Disruption of lipid metabolism, and the immune and endocrine systems
Adverse neurobehavioral effects
Neonatal toxicity and death
Tumors in multiple organ systems
Testicular and kidney cancers
Reduced birth weight and size
Decreased immune response to vaccines
Reduced hormone levels and delayed puberty
It’s not only bottled water that’s problematic when it comes to PFAS: According to a 2016 Harvard study, 16.5 million Americans have detectable levels of at least one kind of PFAS in their drinking water, and about 6 million Americans are drinking water that contains PFAS at or above the EPA safety level.13
Microplastics Common in Bottled Water
Drinking bottled water may also expose you to microplastic particles, which have infiltrated waterways across the globe.
“Plastics become microplastics become nanoplastics, but they are all plastics, just of increasingly smaller size, allowing them to be more easily ingested and perhaps even cross the gastrointestinal tract to be transported throughout a living organism,” researchers wrote in Frontiers in Chemistry,14 referring to the increasingly smaller size that plastics break down to in the environment.
In 2018, researchers with the department of chemistry at the State University of New York at Fredonia purchased 11 bottled water brands from 19 locations in nine different countries. They tested 259 bottles of water, finding microplastic contamination in 93% of them.
“An average of 10.4 microplastic particles >100 um in size per liter of bottled water processed were found,” they noted, although in some cases over 10,000 microplastic particles per liter were detected.15 Microfibers, one type of microplastic, have previously been found to be the predominant type of microplastic found in beer, tap water and sea salt samples.
“Based on consumer guidelines, our results indicate the average person ingests over 5,800 particles of synthetic debris from these three sources annually, with the largest contribution coming from tap water (88 percent),” according to researchers in PLOS One.16 Considering that bottled water may be, in some cases, bottled tap water, this is a significant concern.
It’s unknown what health risks are posed by consuming these tiny plastic particles, but it’s known that microplastics may act like sponges for contaminants including heavy metals, persistent organic pollutants, polychlorinated biphenyls (PCBs) or pathogens, or could cause harm on a cellular or subcellular level.17
Further, Frederick vom Saal, a distinguished professor emeritus of biological sciences at the University of Missouri, told Time:18
“In animal models and in epidemiological studies in humans, we have a correlation between plastic exposures and known health hazards … They’re implicated in the obesity epidemic and in other metabolic diseases such as diabetes and heart disease, as well as cancer and reproductive problems and neural problems like attention deficit disorder.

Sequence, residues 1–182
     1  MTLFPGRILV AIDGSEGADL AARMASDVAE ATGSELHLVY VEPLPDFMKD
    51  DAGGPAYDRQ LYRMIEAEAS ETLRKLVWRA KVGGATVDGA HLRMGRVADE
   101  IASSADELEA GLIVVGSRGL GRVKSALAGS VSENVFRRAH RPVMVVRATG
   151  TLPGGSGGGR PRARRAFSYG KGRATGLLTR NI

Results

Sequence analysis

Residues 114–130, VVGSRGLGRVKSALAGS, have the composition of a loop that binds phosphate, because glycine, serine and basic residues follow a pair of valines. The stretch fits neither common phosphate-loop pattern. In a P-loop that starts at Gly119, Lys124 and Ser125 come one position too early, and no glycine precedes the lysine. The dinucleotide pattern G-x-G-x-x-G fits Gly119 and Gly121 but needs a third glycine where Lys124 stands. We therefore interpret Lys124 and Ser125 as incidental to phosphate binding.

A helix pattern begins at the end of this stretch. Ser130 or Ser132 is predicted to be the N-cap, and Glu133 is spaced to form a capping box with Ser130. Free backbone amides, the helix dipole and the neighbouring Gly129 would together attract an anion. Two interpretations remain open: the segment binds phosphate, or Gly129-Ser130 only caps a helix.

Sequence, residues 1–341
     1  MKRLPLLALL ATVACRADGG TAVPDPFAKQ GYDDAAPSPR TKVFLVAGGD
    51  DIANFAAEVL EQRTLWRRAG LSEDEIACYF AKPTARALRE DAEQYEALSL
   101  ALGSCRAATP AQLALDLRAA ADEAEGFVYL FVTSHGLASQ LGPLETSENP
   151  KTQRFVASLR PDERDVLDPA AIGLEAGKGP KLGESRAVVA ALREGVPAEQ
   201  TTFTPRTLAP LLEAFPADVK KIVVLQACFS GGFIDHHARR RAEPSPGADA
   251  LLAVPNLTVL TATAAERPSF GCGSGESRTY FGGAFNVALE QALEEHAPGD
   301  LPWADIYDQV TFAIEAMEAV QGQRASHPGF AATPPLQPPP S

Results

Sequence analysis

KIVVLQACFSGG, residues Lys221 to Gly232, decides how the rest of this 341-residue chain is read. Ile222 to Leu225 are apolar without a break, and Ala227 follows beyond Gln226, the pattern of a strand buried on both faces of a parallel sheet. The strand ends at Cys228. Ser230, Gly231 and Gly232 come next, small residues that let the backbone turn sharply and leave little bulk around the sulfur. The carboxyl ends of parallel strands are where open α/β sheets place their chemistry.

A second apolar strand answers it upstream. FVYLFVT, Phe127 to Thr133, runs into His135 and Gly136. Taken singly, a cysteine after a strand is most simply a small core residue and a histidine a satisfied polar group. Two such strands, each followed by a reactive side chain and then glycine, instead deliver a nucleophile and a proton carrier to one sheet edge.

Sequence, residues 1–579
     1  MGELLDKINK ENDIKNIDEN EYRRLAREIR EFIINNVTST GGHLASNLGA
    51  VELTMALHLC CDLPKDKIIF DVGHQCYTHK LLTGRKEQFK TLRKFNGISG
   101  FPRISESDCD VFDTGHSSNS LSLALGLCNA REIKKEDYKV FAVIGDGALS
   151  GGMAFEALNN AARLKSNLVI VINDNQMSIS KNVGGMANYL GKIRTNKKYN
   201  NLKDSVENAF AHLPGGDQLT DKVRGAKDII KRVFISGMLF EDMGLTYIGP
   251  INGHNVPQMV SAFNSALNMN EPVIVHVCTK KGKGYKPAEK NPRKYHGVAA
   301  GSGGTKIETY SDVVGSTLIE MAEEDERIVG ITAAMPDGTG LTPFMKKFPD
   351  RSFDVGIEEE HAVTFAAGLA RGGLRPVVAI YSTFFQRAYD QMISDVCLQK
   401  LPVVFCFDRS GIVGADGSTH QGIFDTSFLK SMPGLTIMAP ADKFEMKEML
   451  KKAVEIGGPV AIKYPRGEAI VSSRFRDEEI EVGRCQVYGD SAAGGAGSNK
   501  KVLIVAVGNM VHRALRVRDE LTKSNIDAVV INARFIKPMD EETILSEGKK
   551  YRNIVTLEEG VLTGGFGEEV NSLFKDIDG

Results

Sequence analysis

If you look at the trendlines of non-communicable diseases around the world, you see there is a correlation between exposure to these [plastic] pollutants.”
Hot Temperatures May Make Bottled Water Even Worse
If your bottled water spent time sitting in a hot car or storage facility, the transfer of chemical contaminants from the plastic to the water could be accelerated, increasing health risks.
For instance, antimony, a toxic chemical used to manufacture polyethylene terephthalate (PET) plastics used for water bottles, is known to leach into water, and a study found that storing the bottles at higher temperatures increased the amount of leaching.19
Specifically, after sitting in 150 degrees F temperatures for 38 days, bottled water had antimony at levels above federal safety recommendations.20 “Summertime temperatures inside of cars, garages, and enclosed storage areas can exceed 65 °C (149 degrees F) in Arizona, and thus could promote antimony leaching from PET bottled waters,” the researchers noted.21
Julia Taylor, a scientist who researched plastic at the University of Missouri, further told National Geographic, “As a general rule, yes, heat helps break down chemical bonds in plastics like plastic bottles, and those chemicals can migrate into beverages they contain.”22 One solution is to choose water sold only in glass bottles, but there’s a better solution for clean drinking water.
Filter Your Own Water and Make Carbonated Water at Home
Most commercial bottled water can’t be trusted in terms of contaminants in the water itself and due to the plastic packaging it comes in. The existence of chemicals like PFASs, which have no taste or smell, and others in drinking water is the reason I recommend virtually everyone filter their water with a high-quality carbon filtration system.
Unless you can verify the purity of your water, to be certain you’re getting the purest water you can, filter the water both at the point of entry and at the point of use. Then, simply take the filtered water with you in a reusable glass or metal bottle.
You can even use your own filtered tap water to make carbonated water at home, using options like SodaStream. This is a more cost effective and environmentally friendly solution that will protect your health in the process.